Kansas has reached a settlement requiring the nation’s largest subprime auto financing company to pay approximately $2.9 million to Kansas consumers, with more relief of as much as $1.6 million possible depending on the particular auto loan, Attorney General Derek Schmidt said today.
The settlement, involving Kansas and 33 other states, resolves allegations that Santander Consumer USA Inc. (Santander) violated consumer protection laws by exposing subprime consumers to unnecessarily high levels of risk and knowingly placing these consumers into auto loans with a high probability of default. The settlement stems from a multistate investigation of Santander’s subprime lending practices opened by the coalition of attorneys general in March 2015 after receiving an increase in consumer complaints related to subprime auto loans.
Based on the multistate investigation, the attorneys general allege that Santander, through its use of sophisticated credit scoring models to forecast default risk, knew that certain segments of its consumer population were predicted to have a high likelihood of default. Santander nevertheless exposed these borrowers to unnecessarily high levels of risk through high loan-to-value ratios, significant backend fees, and high payment-to-income ratios. The attorneys general also allege that Santander’s aggressive pursuit of market share led it to underestimate the risk associated with loans by turning a blind eye to dealer abuse and failing to meaningfully monitor dealer behavior to minimize the risk of receiving falsified information, including the amounts specified for consumers’ incomes and expenses. Finally, the attorneys general allege that Santander engaged in deceptive servicing practices and actively misled consumers about their rights, and risks of partial payments and loan extensions.
Under the settlement, Santander is required to provide relief to consumers and, moving forward, is required to factor a consumer’s ability to pay the loan into its underwriting. Restitution for Kansas consumers will depend on how and when the auto loan was made. Kansans will receive at least $2,944,784 for certain auto loans with the potential for approximately $1,659,000 additional on other loans. Consumers who are eligible for relief have been identified through Santander’s records and will be contacted by the claims administrator by phone or by mail. Consumers are not required to submit a claim as eligibility has been determined by the administrator. However, consumers who believe they are eligible for restitution may visit http://www.santandermultistateagsettlement.comfor more information.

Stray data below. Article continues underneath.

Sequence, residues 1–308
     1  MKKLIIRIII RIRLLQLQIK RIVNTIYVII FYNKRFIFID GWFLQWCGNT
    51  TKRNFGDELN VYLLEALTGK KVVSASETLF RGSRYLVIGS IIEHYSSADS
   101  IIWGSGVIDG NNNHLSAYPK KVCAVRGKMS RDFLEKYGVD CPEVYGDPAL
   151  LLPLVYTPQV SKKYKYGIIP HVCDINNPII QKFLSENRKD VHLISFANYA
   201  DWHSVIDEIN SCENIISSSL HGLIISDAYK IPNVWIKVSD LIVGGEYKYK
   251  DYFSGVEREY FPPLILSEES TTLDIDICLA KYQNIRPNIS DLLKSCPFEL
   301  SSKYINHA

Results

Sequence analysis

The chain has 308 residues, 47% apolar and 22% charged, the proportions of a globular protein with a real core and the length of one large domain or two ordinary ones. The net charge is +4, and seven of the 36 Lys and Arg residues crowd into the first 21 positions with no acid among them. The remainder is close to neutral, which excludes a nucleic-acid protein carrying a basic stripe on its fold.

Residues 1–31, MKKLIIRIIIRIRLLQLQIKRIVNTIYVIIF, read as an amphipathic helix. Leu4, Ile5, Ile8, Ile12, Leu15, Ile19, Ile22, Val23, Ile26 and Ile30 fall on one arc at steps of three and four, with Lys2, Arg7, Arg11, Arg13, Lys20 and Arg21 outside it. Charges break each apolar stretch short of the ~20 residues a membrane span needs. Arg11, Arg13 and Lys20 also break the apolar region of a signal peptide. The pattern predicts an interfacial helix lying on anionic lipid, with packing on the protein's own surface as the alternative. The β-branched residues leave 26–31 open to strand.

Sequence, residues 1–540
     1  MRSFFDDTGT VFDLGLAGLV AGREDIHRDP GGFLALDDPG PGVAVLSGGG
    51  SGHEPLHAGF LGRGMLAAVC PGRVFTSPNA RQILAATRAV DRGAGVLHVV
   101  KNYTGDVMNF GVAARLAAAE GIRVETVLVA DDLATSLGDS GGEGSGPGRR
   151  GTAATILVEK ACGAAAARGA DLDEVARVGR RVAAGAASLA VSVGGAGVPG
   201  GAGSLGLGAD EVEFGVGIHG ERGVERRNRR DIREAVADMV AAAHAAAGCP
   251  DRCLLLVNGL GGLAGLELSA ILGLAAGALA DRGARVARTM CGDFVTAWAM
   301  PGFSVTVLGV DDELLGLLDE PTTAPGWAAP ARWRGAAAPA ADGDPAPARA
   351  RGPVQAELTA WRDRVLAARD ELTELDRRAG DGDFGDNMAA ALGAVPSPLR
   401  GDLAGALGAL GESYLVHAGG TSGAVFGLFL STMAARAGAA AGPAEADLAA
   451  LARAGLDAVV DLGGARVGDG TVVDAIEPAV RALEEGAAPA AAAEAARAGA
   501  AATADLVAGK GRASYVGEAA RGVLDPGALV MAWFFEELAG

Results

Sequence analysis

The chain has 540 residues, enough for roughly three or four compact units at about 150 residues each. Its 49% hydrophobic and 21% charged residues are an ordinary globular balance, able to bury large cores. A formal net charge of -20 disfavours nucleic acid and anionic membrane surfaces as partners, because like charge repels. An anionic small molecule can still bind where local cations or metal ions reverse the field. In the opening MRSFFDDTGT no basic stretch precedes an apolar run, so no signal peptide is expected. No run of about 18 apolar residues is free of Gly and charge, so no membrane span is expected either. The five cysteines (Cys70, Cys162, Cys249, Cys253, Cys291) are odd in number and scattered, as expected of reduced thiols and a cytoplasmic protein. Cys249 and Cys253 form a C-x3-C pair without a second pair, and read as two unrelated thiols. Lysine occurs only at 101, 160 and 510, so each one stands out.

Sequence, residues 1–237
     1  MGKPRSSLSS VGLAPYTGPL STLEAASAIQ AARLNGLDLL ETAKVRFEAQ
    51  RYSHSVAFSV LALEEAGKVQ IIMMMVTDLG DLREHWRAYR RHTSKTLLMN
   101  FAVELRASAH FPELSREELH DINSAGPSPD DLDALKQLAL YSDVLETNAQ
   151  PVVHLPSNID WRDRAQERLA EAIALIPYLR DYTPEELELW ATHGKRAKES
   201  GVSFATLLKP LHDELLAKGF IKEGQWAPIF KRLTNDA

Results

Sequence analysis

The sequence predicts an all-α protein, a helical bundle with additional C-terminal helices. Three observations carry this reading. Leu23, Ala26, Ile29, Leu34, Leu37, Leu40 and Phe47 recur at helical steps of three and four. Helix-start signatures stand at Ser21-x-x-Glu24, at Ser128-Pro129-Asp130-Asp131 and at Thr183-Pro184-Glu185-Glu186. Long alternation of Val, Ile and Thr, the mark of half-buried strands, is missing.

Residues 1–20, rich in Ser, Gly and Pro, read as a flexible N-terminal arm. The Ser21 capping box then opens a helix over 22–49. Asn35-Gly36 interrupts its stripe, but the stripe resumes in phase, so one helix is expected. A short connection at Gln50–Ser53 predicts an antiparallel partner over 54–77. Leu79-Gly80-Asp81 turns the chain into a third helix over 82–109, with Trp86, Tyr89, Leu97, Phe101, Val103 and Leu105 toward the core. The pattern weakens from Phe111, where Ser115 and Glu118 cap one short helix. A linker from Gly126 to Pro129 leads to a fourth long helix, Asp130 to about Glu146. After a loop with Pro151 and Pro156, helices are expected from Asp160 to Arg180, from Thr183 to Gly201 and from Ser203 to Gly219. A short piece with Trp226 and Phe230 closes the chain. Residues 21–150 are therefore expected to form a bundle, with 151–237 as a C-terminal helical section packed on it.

In total, Santander will pay $65 million to the 34 participating states for restitution for certain subprime consumers who defaulted on loans between January 1, 2010, and December 31, 2019. For consumers with the lowest quality loans who defaulted as of December 31, 2019, and have not had their cars repossessed, Santander is required to allow them to keep their car and waive any loan balance, up to a total value of $45 million in loan forgiveness. Santander will also pay up to $2 million for the settlement administrator who will administer restitution claims, and pay an additional $5 million to reimburse investigation costs of the states.
The settlement also includes significant consumer relief by way of loan forgiveness. In all, Santander has agreed to waive the deficiency balances for certain defaulted consumers, with approximately $433 million in immediate forgiveness of loans still owned by Santander, and additional deficiency waivers of loans that Santander no longer owns but is required to attempt to buyback.
Going forward, Santander cannot extend financing if a consumer has a negative residual income after taking into consideration a list of actual monthly debt obligations. Santander is required to test all loans that default in the future to see if the consumer, at the time of origination, had a negative income. The test must include an amount for basic living expenses. If the loan is found to be unaffordable and the consumer defaulted within a certain amount of time, Santander is required to forgive that loan.
Santander is barred from requiring dealers to sell ancillary products, such as vehicle service contracts. Santander will also implement steps to monitor dealers who engage in income inflation, expense inflation, power booking, including additional documentation requirements. Santander previously allowed problematic dealers to waive documentation requirements on income and expenses, Santander no longer will allow such exceptions. If Santander has to use a defaulted mortgage or rent payment value, the amount of input must reasonably reflect the payment value for the geographic location. Finally, Santander will maintain policies and procedures for deferments, forbearances, modifications, and other collection matters.
A copy of the settlement agreement, which has been filed with the Shawnee County District Court, is available at https://bit.ly/3e7Q8yv.